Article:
This could not be tolerated. Orchestrating another fightback, Camilla and Bolland arranged for a journalist that Camilla knew to write a flattering article about her in The Sunday Times.
How Prince Charles dealt out his own Mafia kiss of death
At Highgrove and St James’s Palace, Prince Charles presided over what amounted to a feudal court.
Long-term employees whom he valued were granted a home, to which Charles would then pay a visit — a welcome sign of their place in the hierarchy.
Other favoured retainers were invited for dinner or to a garden party at Highgrove.
Lesser mortals received gifts, graded by his opinion of their importance. These would range from whisky glasses engraved with his motif to designer salt and pepper grinders.
At Highgrove and St James’s Palace, Prince Charles presided over what amounted to a feudal court
A typed letter, signed by Charles, was viewed as a very good sign, but the greatest trophy of all was a handwritten message in black ink.
What his employees feared the most was an expression of His Royal Highness’s displeasure. This was often signalled by the absence of a ‘please’ or ‘thank you’.
Worst of all was when the Prince blanked an employee. Everyone knew that — like a Mafia don’s kiss of death — this amounted to an overt threat to the courtier’s job, income, school fees and self-respect.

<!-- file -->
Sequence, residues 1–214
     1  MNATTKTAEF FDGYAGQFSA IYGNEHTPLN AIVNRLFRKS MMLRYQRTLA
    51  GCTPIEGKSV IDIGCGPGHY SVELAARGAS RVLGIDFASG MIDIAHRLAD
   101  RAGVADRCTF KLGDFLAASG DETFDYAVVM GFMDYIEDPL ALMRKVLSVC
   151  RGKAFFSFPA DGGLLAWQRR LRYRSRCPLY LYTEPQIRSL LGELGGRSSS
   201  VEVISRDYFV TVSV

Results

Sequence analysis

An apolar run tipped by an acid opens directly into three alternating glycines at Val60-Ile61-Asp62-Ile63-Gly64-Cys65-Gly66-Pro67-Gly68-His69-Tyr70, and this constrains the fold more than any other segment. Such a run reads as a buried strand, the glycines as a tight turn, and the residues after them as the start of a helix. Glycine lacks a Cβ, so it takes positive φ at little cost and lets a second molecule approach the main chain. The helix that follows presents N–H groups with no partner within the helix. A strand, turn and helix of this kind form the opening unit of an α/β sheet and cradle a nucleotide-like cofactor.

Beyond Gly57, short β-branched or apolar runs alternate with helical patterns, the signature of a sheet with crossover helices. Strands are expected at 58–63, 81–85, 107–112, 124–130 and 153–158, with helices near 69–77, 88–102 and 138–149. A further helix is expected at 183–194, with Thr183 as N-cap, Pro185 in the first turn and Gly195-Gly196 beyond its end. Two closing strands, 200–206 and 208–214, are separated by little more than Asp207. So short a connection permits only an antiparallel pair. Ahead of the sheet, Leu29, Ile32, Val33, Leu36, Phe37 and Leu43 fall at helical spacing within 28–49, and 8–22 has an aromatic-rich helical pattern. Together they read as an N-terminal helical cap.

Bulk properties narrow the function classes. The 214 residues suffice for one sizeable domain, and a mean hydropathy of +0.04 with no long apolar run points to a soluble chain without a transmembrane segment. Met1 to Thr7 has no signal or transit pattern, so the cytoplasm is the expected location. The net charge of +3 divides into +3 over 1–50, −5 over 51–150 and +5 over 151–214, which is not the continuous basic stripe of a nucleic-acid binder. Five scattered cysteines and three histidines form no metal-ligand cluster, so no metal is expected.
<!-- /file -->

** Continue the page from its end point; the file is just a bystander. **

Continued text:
After dismissal, there was nothing. And there were plenty of casualties — from the Prince’s assistant private secretary, Mark Bolland, to the head of his charity foundation in America, Robert Higdon — who found themselves cut off without even so much a Christmas card to acknowledge years of loyalty.
Being blanked was ‘so hurtful’, I was told by many of them.
It was Charles’s way of making it clear that they were no longer useful. For him, loyalty was a one-way street.
Among other things, it ‘revealed’ that, at a recent meeting at Buckingham Palace, the Royal Family had agreed as a priority to normalise Camilla’s position in the royal household.
In fact, her name hadn’t even been mentioned during the meeting.
Next, Charles, Camilla and Mark Bolland met at Highgrove to construct another campaign. The first hurdle, they agreed, was to demythologise Diana by portraying her as a manipulative hysteric.
And, here, they were fortunate. Since Diana’s death, Penny Junor had recast her book to portray the Princess as an unbalanced and unfaithful wife, suffering from borderline personality disorder, who had compelled Charles to return to his true love.
When told this, Charles agreed. ‘We must get this out,’ he said.
Publicly, however, he claimed in a statement that he had ‘not authorised, solicited or approved’ Junor’s book.
Although Charles was at last seeing Camilla openly again, few were aware of the peculiarity of their domestic arrangements.
Camilla in her official role as patron of the National Osteoporosis Society welcoming Prince Charles with a kiss